When Out on Film released the roster for 2017’s festival, “Freak Show” was one of the films set to be screened at the festival on Oct. 5 at Landmark Midtown Art Cinema. This brilliant movie is about boldly confident, eccentric gay teen Billy Bloom, raised by a fabulous (although alcoholic mother) played by Bette Midler. Billy is forced to move to a “red state” to live with his Southern father in a small town where Christ is king and girls are homecoming queens — that is, until Billy decides to run.
Produced by Drew Barrymore, “Freak Show” was the directorial debut of Trudie Styler (who also happens to be the wife of Sting). She sat down with Georgia Voice to discuss the film.
Georgia Voice: When I screened the film, I was awestruck that this was the first film that you directed and that you actually stepped in to direct it at the 11th hour?
Styler: I did. I was already on board to produce it, so we’d already done a lot of the foundation work with the story and writers. There was a director in place and then, the director had another commitment to a movie that he had been nurturing and that one, he felt, was more timely than ours. That left a vacancy for the director’s chair.
As I worked so hard with him on it and in my life as a producer and an actress, I felt like they might consider me. I am hands on, I’m creative, I know a lot about this film and, frankly, I felt it might be time. So I asked them to kindly consider my request. I was so touched by their response, which was a very enthusiastic “Yes, please!” Once I felt their enthusiasm, that gave me additional confidence to jump in and get started.
Was there ever a point when you ever doubted your ability?
There was no time to doubt anything because by the time we had this change, we had started pre-production and didn’t have a cast. The first thing that I did was enlist the wonderful Bette Midler, who triggered some of the finances, obviously.
The next thing was to look for our “Billy.” That was quite the challenging task. We certainly saw a lot of great young actors but it’s such a monumentally big part going through the A to Z of emotions, colors, textures and nuancing – he’s always on the screen. The role needed an actor of great dimension. I flew to England to audition some actors there. When Alex Lawson walked in, I think within about five minutes, I really felt, “Oh, this is Billy.” I don’t think we were wrong about that. His portrayal of Billy Bloom was quite extraordinary.
I agree! And the casting of Larry Pine as Billy’s father was perfect. It’s uncanny how much they look alike and how well they worked off of each other.
Oh thank you for saying that! It’s also been said before and we have the wonderful Avy Kaufmann to thank for the casting.
I was delighted by John McEnroe’s performance. I wouldn’t expect that a former tennis superstar would play the coach in such a convincing way. Was that his acting skills or was it your acumen as a director?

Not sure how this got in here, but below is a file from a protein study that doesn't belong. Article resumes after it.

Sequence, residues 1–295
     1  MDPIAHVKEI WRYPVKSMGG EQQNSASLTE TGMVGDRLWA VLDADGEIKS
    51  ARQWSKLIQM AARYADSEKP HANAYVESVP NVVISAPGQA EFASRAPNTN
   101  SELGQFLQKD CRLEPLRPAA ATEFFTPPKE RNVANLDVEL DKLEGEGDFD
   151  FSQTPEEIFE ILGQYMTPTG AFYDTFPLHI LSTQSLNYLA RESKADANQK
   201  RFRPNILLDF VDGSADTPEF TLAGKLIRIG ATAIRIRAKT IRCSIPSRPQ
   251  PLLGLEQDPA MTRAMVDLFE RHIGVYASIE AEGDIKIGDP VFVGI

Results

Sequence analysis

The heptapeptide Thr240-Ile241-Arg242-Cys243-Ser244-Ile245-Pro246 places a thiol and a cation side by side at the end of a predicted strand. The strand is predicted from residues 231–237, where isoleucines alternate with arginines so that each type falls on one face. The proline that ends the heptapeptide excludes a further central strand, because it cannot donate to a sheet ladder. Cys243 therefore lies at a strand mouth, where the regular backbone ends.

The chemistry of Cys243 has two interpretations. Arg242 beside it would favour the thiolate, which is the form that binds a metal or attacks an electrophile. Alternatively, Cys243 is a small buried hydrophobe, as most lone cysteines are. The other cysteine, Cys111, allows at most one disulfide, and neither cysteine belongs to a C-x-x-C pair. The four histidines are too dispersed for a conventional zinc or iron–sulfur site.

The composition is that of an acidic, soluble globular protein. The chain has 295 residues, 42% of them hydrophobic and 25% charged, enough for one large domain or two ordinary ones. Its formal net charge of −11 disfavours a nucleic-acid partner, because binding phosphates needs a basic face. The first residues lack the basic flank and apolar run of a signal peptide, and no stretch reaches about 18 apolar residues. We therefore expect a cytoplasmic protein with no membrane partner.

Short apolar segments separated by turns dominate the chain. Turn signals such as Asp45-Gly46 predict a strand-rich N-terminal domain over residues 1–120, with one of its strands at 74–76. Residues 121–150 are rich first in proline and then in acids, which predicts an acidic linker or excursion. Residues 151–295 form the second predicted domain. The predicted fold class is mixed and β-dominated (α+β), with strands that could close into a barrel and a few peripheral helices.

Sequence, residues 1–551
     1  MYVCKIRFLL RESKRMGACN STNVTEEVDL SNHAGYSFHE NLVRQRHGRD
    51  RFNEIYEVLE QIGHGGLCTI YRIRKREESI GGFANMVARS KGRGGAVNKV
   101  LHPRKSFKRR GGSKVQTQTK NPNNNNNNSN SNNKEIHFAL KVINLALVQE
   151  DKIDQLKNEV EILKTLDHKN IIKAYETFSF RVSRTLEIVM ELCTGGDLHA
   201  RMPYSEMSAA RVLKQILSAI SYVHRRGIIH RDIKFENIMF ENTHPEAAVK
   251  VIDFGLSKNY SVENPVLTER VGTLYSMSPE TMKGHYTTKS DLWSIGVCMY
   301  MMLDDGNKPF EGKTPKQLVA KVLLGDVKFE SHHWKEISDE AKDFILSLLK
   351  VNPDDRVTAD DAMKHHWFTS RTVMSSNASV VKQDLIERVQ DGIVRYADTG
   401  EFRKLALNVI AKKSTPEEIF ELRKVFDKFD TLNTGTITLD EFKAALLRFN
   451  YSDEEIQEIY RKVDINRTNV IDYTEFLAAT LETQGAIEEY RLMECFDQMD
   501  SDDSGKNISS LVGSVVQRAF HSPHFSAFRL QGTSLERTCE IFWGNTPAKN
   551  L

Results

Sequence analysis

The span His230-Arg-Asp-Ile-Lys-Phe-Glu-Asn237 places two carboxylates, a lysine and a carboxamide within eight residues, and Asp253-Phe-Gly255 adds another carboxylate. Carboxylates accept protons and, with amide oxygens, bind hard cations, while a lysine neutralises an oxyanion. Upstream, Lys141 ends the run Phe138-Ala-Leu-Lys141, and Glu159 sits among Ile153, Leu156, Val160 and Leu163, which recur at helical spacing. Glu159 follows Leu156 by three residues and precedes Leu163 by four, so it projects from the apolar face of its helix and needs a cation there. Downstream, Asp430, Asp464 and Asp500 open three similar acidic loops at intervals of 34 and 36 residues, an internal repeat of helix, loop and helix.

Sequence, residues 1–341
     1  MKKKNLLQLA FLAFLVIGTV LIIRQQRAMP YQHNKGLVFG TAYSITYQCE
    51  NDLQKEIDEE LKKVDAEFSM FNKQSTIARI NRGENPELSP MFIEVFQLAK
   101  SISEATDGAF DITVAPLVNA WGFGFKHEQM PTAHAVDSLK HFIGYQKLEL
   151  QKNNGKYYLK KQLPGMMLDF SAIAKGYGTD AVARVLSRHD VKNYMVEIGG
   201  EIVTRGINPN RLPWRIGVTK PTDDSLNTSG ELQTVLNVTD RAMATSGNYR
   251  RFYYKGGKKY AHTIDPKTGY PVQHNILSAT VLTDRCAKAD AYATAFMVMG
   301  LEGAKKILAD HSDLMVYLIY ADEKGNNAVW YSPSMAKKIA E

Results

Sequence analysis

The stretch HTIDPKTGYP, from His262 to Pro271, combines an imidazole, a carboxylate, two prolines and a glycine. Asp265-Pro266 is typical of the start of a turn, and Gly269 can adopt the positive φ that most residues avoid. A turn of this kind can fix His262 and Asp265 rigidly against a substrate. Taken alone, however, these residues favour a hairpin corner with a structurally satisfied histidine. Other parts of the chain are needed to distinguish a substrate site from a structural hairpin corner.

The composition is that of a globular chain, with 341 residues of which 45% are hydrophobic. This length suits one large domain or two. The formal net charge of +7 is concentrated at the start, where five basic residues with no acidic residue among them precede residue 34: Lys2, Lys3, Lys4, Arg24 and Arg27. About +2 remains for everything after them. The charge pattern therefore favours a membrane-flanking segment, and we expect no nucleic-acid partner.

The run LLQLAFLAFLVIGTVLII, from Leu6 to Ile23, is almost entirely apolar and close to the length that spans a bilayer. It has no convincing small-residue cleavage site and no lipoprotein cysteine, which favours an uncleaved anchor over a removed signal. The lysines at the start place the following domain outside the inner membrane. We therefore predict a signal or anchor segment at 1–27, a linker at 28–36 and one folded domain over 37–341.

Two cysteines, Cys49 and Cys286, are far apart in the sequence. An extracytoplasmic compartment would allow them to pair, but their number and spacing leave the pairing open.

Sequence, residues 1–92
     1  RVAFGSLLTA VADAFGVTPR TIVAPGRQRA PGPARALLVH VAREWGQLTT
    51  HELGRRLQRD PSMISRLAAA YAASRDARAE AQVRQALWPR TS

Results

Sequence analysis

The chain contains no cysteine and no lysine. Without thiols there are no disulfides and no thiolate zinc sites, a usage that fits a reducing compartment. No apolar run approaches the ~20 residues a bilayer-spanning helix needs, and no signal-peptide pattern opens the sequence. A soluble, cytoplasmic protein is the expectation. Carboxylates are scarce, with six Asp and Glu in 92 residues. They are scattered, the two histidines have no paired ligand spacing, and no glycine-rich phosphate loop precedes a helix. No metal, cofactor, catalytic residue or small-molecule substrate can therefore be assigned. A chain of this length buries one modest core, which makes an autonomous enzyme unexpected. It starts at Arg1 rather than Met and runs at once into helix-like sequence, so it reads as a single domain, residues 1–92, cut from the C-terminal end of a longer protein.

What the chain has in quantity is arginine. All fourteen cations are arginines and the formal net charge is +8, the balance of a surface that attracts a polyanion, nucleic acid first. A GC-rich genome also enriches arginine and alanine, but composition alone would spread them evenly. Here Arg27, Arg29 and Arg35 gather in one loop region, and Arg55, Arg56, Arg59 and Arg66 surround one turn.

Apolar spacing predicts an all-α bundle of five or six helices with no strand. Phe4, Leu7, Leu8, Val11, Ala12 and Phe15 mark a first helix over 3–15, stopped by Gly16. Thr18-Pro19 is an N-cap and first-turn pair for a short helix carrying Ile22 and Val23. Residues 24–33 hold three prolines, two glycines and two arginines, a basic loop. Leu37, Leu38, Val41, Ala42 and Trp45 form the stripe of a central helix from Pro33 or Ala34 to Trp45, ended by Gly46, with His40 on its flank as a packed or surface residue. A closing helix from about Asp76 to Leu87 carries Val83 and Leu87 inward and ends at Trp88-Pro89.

I’ve known John for many years. I had this notion that this retired athlete could sort of find his way into a high school. I called his agent and asked if he thought John would consider this. He said, “Obviously, to play himself?” I said, “No! I don’t want him to play himself! I want him to play Coach Carter.” He said, “Oh, that’s a first! You’d better ask him yourself.” I called John to ask and he said, “Well, I don’t know. What’s [the character] like?” I said, “Well, he’s kind of obnoxious but he’s got his heart in the right place and I think you could easily do that, John.” [laughs]
He was such a good sport and I do think he’s given a very realistic performance. He was a dream to direct. He didn’t mind whatever I threw at him, whatever I said. He was completely professional about that.
One of the things I really liked about the film, as I started watching it, I felt the familiar plot formula begin to unfold. I had my ideas about how things would happen between characters. I loved that it didn’t happen the way I expected it to. It sort of happened how it might in real life where you don’t always have huge, dramatic victories. As a lesbian, my victories might be that I make an unexpected friend in someone who is very religious or maybe get unexpected support from straight allies.
Exactly. We wanted to reflect how life is and not how life is in a rose-tinted world. Of course there were stars in Billy’s eyes for Flip, but ultimately, Flip is discovered to be an incredibly decent person who becomes Billy’s champion. We all know the great value that we put in real friendships that are enduring and takes us through our lives. We can fall in love and out of love as youngsters and those relationships do not endure. The writers and I felt it was very important that we portray something that is more in keeping with the realism of life.
When we look at the character of Celia Weston’s Florence, it’s juxtaposed to the awful, Bible-thumping fundamentalist Lynnette, brilliantly played by Abigail Breslin. Florence, who is a real Christian, shows Billy lots of compassion even though she doesn’t really understand who he is. She doesn’t judge him. She’s kind to him and becomes his great ally.